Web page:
I think the reason is because Colorado is still largely defined by its mountains (even though Denver is in the plains, it derives identity from the mountains), has a typical Western landscape of dry steppes in the lowlands and fire-prone forests in the uplands, and has a considerable Hispanic/cowboy presence and a lot of Californian transplants. Ohio on the other hand has a very similar culture and landscape to the states west of it like Indiana and Illinois, though to be fair it's very similar to Pennsylvania and upstate New York too. The main reason Ohio isn't considered Northeastern is because it was never part of the original 13 colonies.

I do think the far eastern towns and prairies of Colorado are essentially identical to Kansas and Nebraska and do feel more Midwestern than they do like somewhere like Fallon, Nevada.
Gave you a rep for this. I couldn't have said it better.

I felt the exact same way about Ohio.. and then I visited and understood why it is considered midwestern... Though Cleveland and Youngstown are exceptions with lots of similarities to neighboring Pennsylvania.. as you mentioned.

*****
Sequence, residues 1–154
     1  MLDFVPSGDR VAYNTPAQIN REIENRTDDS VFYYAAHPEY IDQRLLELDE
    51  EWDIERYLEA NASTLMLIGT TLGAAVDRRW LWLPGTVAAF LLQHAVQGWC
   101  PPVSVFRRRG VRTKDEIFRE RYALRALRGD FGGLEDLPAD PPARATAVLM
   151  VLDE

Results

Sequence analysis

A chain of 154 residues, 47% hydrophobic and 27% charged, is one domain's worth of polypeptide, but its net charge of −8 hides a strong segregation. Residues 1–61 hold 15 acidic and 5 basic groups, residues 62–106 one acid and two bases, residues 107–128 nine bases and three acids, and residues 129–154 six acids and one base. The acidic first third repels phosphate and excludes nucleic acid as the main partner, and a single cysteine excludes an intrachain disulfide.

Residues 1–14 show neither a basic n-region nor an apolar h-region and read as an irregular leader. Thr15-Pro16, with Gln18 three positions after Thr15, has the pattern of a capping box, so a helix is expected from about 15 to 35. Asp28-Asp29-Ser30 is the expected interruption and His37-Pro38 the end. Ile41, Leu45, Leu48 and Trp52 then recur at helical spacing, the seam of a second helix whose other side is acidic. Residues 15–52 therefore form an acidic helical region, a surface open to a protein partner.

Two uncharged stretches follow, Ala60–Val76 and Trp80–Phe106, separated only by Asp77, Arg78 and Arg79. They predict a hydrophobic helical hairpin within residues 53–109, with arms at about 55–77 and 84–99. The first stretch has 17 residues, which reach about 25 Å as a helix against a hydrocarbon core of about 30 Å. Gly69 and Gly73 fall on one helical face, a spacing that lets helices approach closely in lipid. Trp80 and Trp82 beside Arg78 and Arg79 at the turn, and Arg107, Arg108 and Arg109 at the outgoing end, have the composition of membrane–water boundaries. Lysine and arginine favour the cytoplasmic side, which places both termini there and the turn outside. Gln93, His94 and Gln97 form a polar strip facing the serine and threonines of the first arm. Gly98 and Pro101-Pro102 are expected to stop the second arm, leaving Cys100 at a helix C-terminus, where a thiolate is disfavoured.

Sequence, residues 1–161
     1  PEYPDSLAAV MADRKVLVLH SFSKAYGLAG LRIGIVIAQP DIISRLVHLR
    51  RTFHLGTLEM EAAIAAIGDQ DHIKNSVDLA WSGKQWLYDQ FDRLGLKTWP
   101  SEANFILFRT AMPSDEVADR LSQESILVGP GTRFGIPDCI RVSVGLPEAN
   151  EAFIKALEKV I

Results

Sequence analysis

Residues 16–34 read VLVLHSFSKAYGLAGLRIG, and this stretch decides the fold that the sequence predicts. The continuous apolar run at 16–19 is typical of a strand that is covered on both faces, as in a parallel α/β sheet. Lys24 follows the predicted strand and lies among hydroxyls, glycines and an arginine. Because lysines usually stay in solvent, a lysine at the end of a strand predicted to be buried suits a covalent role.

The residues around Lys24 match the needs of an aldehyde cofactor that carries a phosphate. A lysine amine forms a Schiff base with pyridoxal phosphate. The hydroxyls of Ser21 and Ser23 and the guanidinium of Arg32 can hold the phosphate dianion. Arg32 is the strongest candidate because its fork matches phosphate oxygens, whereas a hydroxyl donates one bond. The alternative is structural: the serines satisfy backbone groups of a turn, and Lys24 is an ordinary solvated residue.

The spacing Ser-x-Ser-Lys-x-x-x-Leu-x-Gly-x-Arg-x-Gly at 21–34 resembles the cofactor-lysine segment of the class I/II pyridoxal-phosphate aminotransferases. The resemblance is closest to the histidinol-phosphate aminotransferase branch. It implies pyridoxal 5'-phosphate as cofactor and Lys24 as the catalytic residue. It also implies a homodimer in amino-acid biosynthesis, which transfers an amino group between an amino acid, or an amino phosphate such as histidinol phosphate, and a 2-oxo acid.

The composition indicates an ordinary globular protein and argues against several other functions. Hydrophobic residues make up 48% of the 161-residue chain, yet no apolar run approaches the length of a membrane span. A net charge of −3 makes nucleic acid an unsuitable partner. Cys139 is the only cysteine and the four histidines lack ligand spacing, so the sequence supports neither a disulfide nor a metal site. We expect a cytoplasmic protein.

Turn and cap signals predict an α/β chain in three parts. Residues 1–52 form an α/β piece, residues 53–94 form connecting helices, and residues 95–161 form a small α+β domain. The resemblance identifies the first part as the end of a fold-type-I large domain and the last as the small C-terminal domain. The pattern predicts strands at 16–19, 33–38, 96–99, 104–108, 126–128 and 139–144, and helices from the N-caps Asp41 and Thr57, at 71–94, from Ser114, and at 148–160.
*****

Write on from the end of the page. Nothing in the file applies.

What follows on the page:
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Old 08-11-2014, 01:29 AM
 
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Ignoring culture/geographically speaking, Colorado is a large state. While Denver and the Plains areas of Eastern Colorado are closer to parts of the Western Midwest, the Western half of Denver is more geographically closer to areas in New Mexico, Nevada, Utah, and the general West, than it is to areas in the Midwest, like Kansas City, St.Louis, Chicago, Omaha, etc. As Spicymeatball said, Colorado is defined by it's Rocky Mountains/Western-Half of the state, more so than it's Plains/Eastern-Half, therefore Colorado is more defined by it's proximity to the states West of it and therefore thought of as a Western-State, more so than TRUE Central states, like Kansas, Missouri, Nebraska, etc.
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Old 08-11-2014, 01:44 AM
 
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Ohio on the other hand, if you were to ignore culture, It does seem like it's pretty far East. But then again, when you see how long Pennsylvania is from East-West, and you realize Ohio is West of PA, than Ohio does feel Midwestern.....albeit extremely East-Midwestern. Yeah, Ohio is The "Eastern" Midwest.